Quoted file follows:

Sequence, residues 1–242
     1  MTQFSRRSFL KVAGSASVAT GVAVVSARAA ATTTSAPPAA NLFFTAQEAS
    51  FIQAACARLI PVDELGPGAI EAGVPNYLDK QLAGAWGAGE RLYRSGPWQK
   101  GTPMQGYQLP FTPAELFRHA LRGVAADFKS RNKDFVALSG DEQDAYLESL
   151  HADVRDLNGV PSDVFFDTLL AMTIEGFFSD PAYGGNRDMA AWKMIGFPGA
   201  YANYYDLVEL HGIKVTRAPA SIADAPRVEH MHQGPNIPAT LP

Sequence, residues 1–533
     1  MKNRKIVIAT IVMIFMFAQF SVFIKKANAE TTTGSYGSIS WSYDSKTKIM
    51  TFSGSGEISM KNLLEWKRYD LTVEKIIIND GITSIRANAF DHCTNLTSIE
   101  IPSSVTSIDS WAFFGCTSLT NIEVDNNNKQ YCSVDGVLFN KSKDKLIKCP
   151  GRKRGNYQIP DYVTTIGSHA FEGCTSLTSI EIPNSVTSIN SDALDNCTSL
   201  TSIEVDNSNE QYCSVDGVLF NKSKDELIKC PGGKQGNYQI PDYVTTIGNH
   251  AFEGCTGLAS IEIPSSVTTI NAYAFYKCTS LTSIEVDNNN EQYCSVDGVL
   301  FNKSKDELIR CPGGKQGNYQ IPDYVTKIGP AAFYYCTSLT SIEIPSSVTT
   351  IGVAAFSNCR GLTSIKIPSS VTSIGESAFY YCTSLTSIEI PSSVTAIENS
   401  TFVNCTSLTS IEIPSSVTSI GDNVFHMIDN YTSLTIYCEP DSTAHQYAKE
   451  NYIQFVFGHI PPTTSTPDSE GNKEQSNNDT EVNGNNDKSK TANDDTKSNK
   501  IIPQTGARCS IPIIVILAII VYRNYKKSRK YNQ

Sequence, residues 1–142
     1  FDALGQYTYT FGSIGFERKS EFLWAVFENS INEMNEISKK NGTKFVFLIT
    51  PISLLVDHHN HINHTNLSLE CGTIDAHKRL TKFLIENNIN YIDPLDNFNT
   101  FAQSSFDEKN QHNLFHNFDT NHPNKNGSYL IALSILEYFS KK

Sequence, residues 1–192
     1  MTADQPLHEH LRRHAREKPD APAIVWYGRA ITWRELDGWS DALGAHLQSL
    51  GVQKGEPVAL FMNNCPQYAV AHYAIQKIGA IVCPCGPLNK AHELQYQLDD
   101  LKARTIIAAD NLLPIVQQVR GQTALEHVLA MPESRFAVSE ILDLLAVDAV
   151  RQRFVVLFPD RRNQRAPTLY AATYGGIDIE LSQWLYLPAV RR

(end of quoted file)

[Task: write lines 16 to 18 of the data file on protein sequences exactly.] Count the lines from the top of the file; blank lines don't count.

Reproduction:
   401  TFVNCTSLTS IEIPSSVTSI GDNVFHMIDN YTSLTIYCEP DSTAHQYAKE
   451  NYIQFVFGHI PPTTSTPDSE GNKEQSNNDT EVNGNNDKSK TANDDTKSNK
   501  IIPQTGARCS IPIIVILAII VYRNYKKSRK YNQ